Last week, I reminisced my trip to my parents-in-law’s to ask for their permission to marry their first daughter. Tonight, we are looking forward to our eleventh anniversary tomorrow, over a quiet dinner, just between us. We had thought about some eating-out plans to break the monotony of home quarantine and an excuse to wear something other than tracksuits and running shoes, but we couldn’t decide what to do tonight and we haven’t yet decided what to do for tomorrow. Tomorrow is still some hours away.
I asked Su for some first-line responses, but she had just written some thoughts based on her ballpark-50 which had already attracted some followings. I began to cast my mind back on what it was like when I had my eleventh anniversary of anything at all or in short when I would have been much younger and more impressionable. The answer is really simple. One can never turn the clock back, which argues all the more the importance of always living in the present moment. What happened in any past period would only make sense to the people who experienced it during the period or more importantly to the people with whom one was together throughout the period preferably, which is why people would normally mark or celebrate their anniversaries with those who have grown up with them.
As I look across the dining table, I see the silver candlestick which we hardly used and the crystal candlestick which we never used until tonight. It took Su a good ten minutes to locate the candle stubs and she had to re-arrange the dining table a bit to allow the candlestick to stand out. We like what we saw and we felt happy. It was part of our wedding gift and we had thought of acquiring another set to make up a pair, but decided against it at the time for cost reasons. Once again, it’s all attachment, which one should learn to do away with.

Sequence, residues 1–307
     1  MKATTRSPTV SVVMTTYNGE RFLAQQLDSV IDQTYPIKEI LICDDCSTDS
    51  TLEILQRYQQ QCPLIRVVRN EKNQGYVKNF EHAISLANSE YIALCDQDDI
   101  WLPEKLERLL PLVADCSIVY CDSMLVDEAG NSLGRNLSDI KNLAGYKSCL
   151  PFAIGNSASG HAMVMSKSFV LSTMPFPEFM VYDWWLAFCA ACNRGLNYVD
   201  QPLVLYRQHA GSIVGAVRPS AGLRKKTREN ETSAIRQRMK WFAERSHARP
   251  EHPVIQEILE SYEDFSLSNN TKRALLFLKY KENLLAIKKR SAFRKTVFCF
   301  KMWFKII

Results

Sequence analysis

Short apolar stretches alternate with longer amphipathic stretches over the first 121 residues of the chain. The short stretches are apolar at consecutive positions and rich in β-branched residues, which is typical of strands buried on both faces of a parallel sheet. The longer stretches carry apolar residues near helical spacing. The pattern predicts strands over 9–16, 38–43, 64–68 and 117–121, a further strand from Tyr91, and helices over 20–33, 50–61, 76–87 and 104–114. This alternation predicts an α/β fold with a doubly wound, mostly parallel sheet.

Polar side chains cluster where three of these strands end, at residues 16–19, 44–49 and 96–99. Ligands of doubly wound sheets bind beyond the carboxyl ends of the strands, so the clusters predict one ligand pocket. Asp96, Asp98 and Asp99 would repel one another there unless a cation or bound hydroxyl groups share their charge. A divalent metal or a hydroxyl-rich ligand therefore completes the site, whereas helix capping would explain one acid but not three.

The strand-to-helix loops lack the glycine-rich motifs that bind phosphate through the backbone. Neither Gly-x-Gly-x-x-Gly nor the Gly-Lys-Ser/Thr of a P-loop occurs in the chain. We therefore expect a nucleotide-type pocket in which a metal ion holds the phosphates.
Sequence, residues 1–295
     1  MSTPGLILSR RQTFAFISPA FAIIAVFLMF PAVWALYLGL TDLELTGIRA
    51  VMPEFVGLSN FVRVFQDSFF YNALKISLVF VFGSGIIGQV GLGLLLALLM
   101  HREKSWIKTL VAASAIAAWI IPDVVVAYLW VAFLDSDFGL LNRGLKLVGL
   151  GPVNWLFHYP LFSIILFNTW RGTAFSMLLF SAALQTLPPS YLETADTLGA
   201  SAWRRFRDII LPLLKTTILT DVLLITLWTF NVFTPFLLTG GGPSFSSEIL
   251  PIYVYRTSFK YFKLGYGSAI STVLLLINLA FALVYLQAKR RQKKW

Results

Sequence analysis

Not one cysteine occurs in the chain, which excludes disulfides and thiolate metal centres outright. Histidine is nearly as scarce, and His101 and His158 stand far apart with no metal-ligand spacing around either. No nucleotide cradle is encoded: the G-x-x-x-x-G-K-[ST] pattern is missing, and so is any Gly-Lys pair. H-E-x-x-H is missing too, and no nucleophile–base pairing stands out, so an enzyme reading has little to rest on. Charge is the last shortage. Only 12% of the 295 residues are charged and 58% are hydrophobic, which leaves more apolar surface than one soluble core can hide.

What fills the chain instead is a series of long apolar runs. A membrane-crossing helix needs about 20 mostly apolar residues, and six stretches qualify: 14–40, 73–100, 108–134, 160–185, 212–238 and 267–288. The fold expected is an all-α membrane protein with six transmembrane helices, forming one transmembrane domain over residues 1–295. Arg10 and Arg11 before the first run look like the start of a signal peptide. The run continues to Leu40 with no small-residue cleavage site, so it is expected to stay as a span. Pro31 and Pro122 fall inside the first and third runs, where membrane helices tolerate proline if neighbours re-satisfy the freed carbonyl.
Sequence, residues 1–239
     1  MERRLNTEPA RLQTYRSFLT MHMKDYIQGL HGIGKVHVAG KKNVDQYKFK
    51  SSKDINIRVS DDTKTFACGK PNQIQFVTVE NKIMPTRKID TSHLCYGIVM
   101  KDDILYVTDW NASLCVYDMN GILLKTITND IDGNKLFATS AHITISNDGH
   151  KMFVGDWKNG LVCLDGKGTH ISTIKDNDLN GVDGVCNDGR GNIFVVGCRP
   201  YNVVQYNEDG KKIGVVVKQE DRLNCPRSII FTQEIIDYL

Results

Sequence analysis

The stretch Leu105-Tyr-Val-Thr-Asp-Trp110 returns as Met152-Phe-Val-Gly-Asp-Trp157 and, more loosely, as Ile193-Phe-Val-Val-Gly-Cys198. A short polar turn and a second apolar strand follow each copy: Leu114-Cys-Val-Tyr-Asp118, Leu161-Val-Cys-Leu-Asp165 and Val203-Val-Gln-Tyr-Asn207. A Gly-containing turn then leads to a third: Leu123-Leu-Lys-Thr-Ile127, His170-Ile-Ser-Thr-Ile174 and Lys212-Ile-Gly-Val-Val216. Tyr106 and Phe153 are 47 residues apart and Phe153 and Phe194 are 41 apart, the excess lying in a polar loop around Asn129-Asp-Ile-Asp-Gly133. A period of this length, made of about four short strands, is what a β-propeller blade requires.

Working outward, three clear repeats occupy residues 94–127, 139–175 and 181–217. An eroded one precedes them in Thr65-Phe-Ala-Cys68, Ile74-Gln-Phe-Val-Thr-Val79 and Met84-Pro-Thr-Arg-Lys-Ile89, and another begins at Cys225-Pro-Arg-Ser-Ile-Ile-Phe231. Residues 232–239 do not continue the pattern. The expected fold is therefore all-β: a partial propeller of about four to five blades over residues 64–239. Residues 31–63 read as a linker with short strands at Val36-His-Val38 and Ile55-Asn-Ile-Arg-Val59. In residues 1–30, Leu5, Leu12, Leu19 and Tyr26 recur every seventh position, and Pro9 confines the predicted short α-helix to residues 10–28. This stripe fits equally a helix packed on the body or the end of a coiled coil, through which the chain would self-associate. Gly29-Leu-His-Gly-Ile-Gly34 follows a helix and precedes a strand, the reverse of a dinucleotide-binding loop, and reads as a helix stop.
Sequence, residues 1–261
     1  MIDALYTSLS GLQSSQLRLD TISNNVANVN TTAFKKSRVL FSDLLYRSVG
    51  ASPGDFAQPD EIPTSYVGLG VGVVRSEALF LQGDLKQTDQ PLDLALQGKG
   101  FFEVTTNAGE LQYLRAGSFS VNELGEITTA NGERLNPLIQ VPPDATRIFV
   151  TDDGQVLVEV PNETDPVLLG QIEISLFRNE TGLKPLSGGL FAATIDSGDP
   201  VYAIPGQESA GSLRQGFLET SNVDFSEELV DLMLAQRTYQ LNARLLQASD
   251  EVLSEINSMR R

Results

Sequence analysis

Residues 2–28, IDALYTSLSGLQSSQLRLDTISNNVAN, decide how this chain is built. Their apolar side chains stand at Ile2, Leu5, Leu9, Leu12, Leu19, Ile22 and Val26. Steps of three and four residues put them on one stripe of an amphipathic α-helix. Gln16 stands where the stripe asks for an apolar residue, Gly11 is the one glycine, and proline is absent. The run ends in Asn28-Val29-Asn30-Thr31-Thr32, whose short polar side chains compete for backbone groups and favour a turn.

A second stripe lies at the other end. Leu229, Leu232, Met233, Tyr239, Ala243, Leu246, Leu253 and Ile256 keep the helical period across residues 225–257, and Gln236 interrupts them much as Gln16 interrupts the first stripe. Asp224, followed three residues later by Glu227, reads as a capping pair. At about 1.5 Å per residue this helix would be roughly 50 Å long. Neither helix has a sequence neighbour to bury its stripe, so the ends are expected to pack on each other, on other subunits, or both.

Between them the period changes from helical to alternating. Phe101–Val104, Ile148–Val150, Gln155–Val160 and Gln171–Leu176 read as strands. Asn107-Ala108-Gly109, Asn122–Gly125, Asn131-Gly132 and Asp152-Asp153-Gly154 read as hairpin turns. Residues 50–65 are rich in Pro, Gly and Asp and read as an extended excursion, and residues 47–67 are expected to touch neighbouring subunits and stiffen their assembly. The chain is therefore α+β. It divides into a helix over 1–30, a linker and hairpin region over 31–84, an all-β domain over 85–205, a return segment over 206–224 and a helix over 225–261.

I asked Su to put on some background music. She put on an Elvis album, which reminded me of a very dear friend who must have passed away for nearly 20 years when he was just 50 or in his early 50s. When we were young or younger, we live our lives like there was no tomorrow and that we would never die. I had breakfast with a friend, actually I had breakfast with three fiends but he came early, who lost a friend of his age over the weekend and he felt rather upset. In time, the list of friends, relatives and acquaintances who have gone would become longer and we would find that we could be spending more time remembering these absent friends than celebrating other anniversaries.
No, there is a time and a season for everything. We would remember our absent friends at a certain time of the day, every day if we remember it, and drink a toast to them; and we would celebrate life, ours and our friends’ as often as we can, when we can, in the manner and fashion that we can, and as long as we can. This is what living and life is all about.
I hope to talk to you again soon.